I slogged on, working mostly when I felt inspired and wasn’t too depressed to move my fingers on the keyboard, and it took for-fucking-ever to finish the first draft. I declared it finished, just barely, on New Year’s Eve right before I moved from California to Seattle in 2016. That really was a huge milestone, although it immediately paled in the face of what I wanted to do next. I wanted to edit it properly and actually publish it, and I had no idea how to make that happen. Fortunately, by then I was just barely starting to grasp the practice thing and I’ve always been really stubborn. I’ve been researching, reading, joining writing groups, watching youtube videos, blogging, and practicing writing craft.
I don’t know what it is about writing that drives me to improve. I find it satisfying in a way that I don’t really understand. I love to draw, but I never felt the need to practice enough to polish my skills or make a career out of it. I’m usually pleased with what I can produce, but I’m perfectly content to do it as a hobby. Writing comes less easily to me. I’m often not at all pleased with my initial results, but it’s still where my energy goes, and I’m happy with the progress that I do make. Working toward the goal of being a published author has helped me change my life in a whole bunch of positive ways and improved my self-esteem. It wasn’t my dream growing up, but it is now.
Last Thursday, I cried in front of a stranger because I couldn’t do algebra with colored squares.
After many years of wondering why I’m so damn useless and lazy, I finally got tested for ADHD.* I’ve had partners with it, read books about it, but I really didn’t think it applied to me. I wondered sometimes, but I thought I was just looking for an easy way out of just getting my shit together, which is frustratingly typical. I have no hyperactivity problems; I can sit still just fine, especially if I’ve got something interesting in front of me. The issue is in my ability to focus on the right stuff at the right time and for long enough to get it done. I’ve heard it described as feeling like you’ve got too many tabs open in your brain-browser. That’s basically it, except to me it also feels like there’s this constant static that makes it hard for any clear action signals to get through. I may know I need to get up and go to an appointment, but instead of getting up, I’ll sit motionless and listen to my brain buzzing until the time to go is long past.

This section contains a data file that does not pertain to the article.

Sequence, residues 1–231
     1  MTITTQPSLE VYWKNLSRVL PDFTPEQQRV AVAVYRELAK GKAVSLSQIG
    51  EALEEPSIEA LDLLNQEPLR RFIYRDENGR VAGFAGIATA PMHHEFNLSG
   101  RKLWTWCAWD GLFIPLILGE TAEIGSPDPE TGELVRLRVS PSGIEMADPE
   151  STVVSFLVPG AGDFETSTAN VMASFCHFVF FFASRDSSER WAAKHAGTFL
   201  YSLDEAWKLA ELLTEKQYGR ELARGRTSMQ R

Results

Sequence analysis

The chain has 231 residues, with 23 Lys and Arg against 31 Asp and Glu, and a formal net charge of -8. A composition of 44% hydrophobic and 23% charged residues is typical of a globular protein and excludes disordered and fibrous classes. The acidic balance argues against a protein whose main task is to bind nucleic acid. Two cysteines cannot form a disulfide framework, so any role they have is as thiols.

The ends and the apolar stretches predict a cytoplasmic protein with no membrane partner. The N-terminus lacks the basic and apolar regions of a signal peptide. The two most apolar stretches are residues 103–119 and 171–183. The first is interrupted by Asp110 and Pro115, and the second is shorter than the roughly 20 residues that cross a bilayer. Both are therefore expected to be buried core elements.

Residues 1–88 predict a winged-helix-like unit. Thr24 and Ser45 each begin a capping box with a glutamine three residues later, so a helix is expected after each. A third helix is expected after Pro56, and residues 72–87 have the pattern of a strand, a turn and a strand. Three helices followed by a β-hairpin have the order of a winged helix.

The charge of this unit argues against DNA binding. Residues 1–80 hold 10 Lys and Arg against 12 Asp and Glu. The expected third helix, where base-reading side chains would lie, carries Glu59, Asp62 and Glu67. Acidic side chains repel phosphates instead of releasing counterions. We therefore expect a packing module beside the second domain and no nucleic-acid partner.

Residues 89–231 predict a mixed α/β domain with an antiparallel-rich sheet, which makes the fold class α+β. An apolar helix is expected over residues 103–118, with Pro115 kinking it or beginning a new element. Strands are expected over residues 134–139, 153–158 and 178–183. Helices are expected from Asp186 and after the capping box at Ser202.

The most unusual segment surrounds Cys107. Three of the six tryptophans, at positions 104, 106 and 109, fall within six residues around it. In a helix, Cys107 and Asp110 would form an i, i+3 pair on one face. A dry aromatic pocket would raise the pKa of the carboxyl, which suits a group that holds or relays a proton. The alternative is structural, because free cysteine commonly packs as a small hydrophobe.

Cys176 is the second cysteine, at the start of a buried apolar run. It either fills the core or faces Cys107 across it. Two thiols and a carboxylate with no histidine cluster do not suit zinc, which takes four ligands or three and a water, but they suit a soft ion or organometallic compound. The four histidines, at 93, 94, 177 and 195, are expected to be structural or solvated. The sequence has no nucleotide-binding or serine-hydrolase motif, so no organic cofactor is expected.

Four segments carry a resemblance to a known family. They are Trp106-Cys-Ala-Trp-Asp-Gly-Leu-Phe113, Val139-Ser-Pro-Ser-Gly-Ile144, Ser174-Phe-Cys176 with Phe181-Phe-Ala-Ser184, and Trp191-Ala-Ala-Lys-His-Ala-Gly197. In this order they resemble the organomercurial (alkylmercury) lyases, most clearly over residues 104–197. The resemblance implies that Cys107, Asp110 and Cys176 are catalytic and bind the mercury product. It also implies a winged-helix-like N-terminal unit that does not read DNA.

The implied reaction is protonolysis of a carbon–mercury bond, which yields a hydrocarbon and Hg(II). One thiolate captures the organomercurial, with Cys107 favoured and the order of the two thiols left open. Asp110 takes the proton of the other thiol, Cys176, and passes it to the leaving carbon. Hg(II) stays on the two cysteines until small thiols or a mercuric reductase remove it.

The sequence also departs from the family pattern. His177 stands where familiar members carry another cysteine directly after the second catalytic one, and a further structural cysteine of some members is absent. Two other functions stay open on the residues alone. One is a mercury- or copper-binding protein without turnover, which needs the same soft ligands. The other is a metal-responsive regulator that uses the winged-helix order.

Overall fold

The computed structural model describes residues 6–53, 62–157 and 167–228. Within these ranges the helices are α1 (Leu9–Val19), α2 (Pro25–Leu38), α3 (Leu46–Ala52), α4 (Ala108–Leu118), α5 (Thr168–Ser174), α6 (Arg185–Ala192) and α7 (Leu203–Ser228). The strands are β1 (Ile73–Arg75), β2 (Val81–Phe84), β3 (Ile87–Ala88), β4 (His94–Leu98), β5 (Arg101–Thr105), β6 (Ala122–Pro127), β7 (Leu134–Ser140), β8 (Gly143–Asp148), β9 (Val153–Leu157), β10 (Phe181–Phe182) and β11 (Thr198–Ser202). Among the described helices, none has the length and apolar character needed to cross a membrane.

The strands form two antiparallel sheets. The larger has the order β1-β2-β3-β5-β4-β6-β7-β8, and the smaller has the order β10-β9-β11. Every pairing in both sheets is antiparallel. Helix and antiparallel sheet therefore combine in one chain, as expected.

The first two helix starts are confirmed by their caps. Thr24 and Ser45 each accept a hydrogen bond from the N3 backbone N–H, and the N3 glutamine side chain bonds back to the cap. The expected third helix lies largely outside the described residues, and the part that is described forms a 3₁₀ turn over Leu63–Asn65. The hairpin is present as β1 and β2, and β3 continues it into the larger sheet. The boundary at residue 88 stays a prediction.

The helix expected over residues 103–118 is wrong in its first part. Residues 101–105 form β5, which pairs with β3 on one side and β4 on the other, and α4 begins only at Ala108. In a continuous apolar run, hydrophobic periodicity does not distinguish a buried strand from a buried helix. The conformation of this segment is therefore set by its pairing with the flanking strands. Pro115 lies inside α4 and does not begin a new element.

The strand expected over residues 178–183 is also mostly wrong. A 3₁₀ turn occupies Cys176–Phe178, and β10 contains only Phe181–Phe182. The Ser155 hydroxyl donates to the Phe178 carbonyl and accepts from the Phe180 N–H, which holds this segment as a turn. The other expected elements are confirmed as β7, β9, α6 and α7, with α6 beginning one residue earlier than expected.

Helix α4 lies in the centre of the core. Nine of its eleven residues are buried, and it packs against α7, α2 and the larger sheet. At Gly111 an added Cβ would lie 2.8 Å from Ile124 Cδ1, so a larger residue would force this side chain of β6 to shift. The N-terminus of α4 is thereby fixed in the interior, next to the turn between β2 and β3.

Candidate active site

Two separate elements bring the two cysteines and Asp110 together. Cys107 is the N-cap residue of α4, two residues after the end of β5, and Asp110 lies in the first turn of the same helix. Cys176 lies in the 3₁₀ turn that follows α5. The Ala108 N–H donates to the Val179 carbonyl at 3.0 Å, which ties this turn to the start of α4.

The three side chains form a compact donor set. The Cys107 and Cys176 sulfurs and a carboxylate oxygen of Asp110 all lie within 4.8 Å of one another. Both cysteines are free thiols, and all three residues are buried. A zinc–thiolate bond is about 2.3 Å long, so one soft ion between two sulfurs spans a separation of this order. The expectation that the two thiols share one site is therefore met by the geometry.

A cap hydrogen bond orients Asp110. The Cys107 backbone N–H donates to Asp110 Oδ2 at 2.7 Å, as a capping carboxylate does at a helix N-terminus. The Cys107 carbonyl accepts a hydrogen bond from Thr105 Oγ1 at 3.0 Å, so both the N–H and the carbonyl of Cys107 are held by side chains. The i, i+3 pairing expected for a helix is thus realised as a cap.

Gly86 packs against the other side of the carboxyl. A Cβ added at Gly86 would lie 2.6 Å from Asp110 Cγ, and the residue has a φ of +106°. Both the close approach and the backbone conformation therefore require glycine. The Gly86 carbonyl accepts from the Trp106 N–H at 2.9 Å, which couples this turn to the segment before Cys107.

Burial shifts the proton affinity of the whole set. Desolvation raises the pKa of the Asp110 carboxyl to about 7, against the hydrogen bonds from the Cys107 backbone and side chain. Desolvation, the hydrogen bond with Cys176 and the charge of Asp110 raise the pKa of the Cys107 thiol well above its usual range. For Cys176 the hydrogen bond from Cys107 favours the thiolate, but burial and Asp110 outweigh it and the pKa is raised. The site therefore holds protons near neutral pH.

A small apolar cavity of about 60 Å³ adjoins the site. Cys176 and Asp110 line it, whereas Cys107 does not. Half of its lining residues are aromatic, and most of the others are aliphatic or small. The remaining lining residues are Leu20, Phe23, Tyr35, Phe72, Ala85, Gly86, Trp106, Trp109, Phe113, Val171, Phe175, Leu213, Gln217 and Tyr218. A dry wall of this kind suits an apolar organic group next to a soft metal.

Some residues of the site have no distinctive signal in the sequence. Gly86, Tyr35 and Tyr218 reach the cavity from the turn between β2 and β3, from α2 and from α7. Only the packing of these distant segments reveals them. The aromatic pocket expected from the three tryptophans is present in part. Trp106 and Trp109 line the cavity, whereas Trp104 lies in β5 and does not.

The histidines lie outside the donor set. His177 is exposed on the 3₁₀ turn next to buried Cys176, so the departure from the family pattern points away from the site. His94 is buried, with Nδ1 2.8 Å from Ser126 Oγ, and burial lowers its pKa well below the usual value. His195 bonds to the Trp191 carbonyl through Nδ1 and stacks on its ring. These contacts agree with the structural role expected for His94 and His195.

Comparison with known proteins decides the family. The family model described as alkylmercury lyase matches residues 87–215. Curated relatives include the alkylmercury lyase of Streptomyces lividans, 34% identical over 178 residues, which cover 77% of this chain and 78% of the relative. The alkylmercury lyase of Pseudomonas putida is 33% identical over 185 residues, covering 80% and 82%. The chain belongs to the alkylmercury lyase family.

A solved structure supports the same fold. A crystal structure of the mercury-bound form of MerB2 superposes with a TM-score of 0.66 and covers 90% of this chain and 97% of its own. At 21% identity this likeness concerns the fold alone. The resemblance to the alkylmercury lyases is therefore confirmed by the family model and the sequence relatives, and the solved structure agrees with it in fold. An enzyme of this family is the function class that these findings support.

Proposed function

Now, of course, I really wish I’d been diagnosed younger. My academic record is basically just a painful mess, and I can’t help thinking that maybe it didn’t have to be. Women are massively under-diagnosed with ADHD. Because of social conditioning, girls tend to get depressed and hate themselves for struggling rather than scream and break things, so we often don’t get help. Society is really pretty chill with girls being depressed and dysfunctional, so long as we are considerate enough to implode rather than explode.
One way of looking at it that I personally kind of like, is that ADHD isn’t exactly a flaw in brain function; it’s more of an outdated feature. It can have great benefits, especially if you happen to be a hunter-gatherer who needs to watch for lions and venomous snakes without missing any subtle signs of drinkable water and edible tubers. This is one of those things where social context largely determines impact, and what might make me really excellent at some things, makes me absolutely crap at what I want to do with my life and means that I can’t keep up with the lifestyle required by this society.
I would like to function better in my daily life and be able to fully pursue my goals, so I’m starting CBT coaching and I’m also going to look into medication, because science is awesome and this is exactly the kind of thing it is for.
*Attention Deficit Hyperactive Disorder: Apparently ADD is now combined with ADHD even when there’s no hyperactive component and is referred to as inattentive ADHD.